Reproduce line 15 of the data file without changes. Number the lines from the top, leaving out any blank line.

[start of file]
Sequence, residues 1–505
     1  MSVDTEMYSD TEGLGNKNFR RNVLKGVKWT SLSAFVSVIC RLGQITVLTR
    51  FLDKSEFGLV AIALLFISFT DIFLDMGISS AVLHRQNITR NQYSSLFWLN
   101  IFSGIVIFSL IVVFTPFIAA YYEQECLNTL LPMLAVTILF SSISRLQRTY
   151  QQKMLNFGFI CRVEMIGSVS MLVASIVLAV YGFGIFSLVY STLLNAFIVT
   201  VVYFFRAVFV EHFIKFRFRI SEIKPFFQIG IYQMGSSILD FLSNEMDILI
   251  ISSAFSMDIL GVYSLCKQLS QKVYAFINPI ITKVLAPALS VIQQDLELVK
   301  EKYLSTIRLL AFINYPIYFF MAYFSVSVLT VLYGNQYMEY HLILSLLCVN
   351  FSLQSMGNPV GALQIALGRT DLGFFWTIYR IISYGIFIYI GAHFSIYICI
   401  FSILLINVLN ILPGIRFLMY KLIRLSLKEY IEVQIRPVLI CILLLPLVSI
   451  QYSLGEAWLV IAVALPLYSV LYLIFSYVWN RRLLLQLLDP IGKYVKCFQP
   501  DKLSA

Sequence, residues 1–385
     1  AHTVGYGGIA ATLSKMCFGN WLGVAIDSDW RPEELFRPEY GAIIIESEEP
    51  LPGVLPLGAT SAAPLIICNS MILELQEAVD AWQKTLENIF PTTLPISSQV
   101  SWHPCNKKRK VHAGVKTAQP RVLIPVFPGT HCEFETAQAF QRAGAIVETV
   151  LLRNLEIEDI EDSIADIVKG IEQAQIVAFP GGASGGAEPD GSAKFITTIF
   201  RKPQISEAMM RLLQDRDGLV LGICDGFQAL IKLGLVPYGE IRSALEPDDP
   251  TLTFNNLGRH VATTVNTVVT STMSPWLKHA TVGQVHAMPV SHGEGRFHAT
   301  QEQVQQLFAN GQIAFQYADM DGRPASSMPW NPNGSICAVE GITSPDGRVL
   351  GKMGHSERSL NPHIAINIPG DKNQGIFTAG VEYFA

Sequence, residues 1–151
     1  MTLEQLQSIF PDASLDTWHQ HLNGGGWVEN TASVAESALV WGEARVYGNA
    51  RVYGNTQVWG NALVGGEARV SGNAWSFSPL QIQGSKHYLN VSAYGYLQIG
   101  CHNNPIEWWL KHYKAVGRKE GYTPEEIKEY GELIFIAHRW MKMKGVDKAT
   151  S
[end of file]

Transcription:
    51  LPGVLPLGAT SAAPLIICNS MILELQEAVD AWQKTLENIF PTTLPISSQV